- There is 2GB of internal memory, the same that can be found in the Kindle 2, but B&N has wisely decided to include a microSD slot as well, so you can expand your memory up to 16GB with an additional card purchase.
- AT&T is the 3G wireless carrier of choice, and their network is supplemented with the ability to access Wi-Fi networks. In fact, you’ll be able to access Wi-Fi for free at all Barnes and Noble retail locations. A noble gesture, to be sure, but who is going to a brick and mortar book store after buying an e-Reader? I digress…
- If I’m reading this correctly, it appears as though the nook also sports native PDF support, which is a big plus for people like me, who find themselves constantly sending things to their @free.kindle.com address to get them converted to accepted file formats.
- Here’s a feature I didn’t know I needed until now: personalized screensavers. Instead of the folksy pictures of birds or scowling countenance of James Joyce, you can now upload jpegs of your kids or whomever else to adorn the screen. A nice touch.
- There’s a replaceable battery which is reputed to last up to 10 days. Given that Amazon claims the Kindle 2 can last up to 14, I would peg a more realistic number around 3 days of moderate to heavy use. The big change though is the replaceable battery –when your Kindle battery dies, you have no recourse except to get a new one. The nook will have no such problems.
- The LendMe technology will allow you to share most eBooks with friends and family on their nooks, supported phone, or computer for up to 14 days at a time. This is a real game changer.
I don’t think there’s any question that the nook is the superior device to the Kindle 2. In fact, one could say that it was engineered specifically to one-up the Kindle in nearly every respect. (I’m shocked that they didn’t go as far as positioning it $10 less than the Kindle at $249, instead of the now-standard $259.) All the little quibbles that Kindle owners have had over the last couple years have been addressed – seamless PDF support, replaceable batteries, faster navigation, the ability to lend books, expandable memory, and even easier access to public domain titles through an agreement with Google.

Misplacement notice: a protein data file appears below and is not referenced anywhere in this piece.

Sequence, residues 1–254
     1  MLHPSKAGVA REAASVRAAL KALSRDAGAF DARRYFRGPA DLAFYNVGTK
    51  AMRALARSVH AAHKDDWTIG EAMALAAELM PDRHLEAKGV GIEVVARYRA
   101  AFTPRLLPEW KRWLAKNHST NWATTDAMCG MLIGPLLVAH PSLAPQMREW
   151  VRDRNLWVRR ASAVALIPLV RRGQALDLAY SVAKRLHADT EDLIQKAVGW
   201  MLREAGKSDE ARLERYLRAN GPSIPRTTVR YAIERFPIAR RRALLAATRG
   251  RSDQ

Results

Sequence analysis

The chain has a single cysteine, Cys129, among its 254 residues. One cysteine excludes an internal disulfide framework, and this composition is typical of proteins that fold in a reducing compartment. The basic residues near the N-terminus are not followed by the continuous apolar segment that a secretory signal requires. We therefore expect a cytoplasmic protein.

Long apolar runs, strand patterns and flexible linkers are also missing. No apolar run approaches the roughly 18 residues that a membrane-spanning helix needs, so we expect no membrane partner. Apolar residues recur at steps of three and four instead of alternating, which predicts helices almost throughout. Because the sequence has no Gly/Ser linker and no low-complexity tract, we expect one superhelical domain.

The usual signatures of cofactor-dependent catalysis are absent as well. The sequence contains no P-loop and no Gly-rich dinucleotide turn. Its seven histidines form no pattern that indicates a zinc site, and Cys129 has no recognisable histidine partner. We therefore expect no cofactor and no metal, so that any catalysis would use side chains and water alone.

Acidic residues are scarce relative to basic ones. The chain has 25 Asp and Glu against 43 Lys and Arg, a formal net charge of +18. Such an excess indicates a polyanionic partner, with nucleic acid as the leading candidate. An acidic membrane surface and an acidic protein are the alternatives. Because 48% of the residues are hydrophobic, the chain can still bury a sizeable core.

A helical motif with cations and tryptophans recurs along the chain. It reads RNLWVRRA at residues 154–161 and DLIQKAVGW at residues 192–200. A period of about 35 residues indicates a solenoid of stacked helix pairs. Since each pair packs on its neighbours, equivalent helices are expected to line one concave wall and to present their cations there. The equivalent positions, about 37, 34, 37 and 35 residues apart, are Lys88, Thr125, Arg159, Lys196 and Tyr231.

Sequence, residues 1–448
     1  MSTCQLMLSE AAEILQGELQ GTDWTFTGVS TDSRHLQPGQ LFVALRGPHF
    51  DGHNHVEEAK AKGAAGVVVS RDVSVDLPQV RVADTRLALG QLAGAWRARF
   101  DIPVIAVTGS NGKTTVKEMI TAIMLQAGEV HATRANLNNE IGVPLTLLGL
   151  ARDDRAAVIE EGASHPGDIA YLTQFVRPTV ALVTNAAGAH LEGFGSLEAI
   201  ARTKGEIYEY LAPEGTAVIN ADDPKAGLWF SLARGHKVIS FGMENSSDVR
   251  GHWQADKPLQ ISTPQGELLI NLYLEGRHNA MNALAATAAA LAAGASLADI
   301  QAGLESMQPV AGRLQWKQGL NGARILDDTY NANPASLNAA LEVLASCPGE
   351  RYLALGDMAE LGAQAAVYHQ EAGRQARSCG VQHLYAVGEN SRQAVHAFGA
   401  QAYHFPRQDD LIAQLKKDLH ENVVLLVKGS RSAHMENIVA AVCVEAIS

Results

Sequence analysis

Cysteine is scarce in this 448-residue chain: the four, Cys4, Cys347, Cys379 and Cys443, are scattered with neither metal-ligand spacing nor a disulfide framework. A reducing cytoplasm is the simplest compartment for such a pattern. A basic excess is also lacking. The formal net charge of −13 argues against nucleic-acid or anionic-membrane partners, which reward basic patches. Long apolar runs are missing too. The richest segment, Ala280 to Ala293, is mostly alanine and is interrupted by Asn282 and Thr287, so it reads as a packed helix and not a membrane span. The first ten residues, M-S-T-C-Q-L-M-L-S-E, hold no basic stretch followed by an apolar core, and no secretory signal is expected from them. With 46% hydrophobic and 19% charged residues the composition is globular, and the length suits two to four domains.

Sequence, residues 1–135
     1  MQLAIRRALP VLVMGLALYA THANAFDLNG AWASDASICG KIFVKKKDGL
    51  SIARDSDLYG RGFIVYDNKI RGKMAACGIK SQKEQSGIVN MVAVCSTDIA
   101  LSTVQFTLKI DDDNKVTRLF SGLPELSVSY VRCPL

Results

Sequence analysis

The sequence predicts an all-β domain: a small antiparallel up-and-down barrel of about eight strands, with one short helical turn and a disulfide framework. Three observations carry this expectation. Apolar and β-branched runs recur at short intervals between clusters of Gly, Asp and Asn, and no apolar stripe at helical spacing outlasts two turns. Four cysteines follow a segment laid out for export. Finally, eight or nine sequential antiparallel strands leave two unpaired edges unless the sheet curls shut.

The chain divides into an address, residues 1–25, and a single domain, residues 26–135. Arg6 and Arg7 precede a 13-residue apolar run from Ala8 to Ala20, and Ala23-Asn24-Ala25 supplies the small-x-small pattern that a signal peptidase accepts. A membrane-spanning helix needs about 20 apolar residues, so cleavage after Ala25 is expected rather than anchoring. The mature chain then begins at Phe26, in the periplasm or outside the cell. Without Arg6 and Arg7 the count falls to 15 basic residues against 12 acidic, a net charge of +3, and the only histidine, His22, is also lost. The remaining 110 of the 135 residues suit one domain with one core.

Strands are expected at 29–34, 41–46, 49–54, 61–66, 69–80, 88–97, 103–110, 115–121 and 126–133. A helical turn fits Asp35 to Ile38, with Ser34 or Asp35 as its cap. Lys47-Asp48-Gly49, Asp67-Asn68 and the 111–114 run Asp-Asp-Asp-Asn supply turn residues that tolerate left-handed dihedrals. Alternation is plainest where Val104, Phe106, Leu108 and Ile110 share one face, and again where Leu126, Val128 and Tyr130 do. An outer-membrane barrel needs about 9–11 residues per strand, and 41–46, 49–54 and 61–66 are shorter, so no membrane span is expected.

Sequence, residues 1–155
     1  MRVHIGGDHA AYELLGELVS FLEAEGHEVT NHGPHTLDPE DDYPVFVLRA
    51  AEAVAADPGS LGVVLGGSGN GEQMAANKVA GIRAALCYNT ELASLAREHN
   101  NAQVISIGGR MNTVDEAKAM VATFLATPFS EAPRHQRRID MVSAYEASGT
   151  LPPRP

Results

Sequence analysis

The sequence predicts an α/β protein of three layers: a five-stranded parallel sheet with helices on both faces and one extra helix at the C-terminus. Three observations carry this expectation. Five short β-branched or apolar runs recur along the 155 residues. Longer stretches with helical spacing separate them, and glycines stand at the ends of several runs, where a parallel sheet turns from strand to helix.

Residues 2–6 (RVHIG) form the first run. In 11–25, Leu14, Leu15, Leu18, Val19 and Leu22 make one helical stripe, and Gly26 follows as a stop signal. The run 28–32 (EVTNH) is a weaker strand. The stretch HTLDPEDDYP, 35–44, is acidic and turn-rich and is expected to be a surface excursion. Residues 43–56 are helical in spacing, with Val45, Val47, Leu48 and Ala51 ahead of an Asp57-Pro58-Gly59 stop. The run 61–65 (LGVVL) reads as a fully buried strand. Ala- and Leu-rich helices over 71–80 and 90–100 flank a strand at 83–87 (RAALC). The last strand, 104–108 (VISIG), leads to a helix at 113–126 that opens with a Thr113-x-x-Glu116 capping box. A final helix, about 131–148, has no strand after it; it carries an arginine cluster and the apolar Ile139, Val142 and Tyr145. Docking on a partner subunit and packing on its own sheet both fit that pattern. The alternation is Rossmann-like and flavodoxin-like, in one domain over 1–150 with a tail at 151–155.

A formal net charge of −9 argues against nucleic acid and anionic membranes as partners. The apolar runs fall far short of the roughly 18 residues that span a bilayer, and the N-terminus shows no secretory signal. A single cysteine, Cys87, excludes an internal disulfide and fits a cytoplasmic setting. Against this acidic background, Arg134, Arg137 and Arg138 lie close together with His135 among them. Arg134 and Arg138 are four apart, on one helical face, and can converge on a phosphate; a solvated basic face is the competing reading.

In fact, the only areas in which the Kindle still appears to have an edge are in its experimental features – specifically the web browser and text-to-speech – and access to newspapers and magazines. I was a little surprised at the lack of periodicals in the B&N eBook store, but hopefully that’s something they shore up before it officially launches.
While hardly the revolutionary device it could have been, the nook is poised to dominate if they can release it in time for the holiday rush. I’ve noticed that peoples’ reflexive dislike of e-Readers disappears instantly the moment they hold one in their hands. As soon as Barnes and Noble starts positioning these in their stores nationwide, they could well become the new juggernaut in this burgeoning market.
There’s no firm release date just yet, but that should be coming sooner rather than later. Hopefully we’ll be able to get a hands-on impression before long, so keep your eyes peeled.
For those of you who are anxiously awaiting the arrival of your internationally-flavored Kindle, your wait is nearly at its end. Amazon has announced that the Kindle International is shipping out today. Also, it seems they have plenty on hand, so if you’d like pick up the international version for yourself or maybe for the upcoming holiday season, now’s the time to place your order.